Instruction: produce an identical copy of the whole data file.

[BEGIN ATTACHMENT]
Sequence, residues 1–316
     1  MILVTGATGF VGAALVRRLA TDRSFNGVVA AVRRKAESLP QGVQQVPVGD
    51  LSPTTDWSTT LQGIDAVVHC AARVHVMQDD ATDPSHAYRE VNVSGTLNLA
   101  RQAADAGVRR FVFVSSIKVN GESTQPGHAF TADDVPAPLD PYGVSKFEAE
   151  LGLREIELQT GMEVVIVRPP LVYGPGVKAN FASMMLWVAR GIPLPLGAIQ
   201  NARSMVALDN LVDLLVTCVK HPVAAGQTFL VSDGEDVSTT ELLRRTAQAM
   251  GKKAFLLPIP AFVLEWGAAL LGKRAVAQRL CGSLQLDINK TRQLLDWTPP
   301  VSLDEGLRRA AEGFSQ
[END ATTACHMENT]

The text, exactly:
Sequence, residues 1–316
     1  MILVTGATGF VGAALVRRLA TDRSFNGVVA AVRRKAESLP QGVQQVPVGD
    51  LSPTTDWSTT LQGIDAVVHC AARVHVMQDD ATDPSHAYRE VNVSGTLNLA
   101  RQAADAGVRR FVFVSSIKVN GESTQPGHAF TADDVPAPLD PYGVSKFEAE
   151  LGLREIELQT GMEVVIVRPP LVYGPGVKAN FASMMLWVAR GIPLPLGAIQ
   201  NARSMVALDN LVDLLVTCVK HPVAAGQTFL VSDGEDVSTT ELLRRTAQAM
   251  GKKAFLLPIP AFVLEWGAAL LGKRAVAQRL CGSLQLDINK TRQLLDWTPP
   301  VSLDEGLRRA AEGFSQ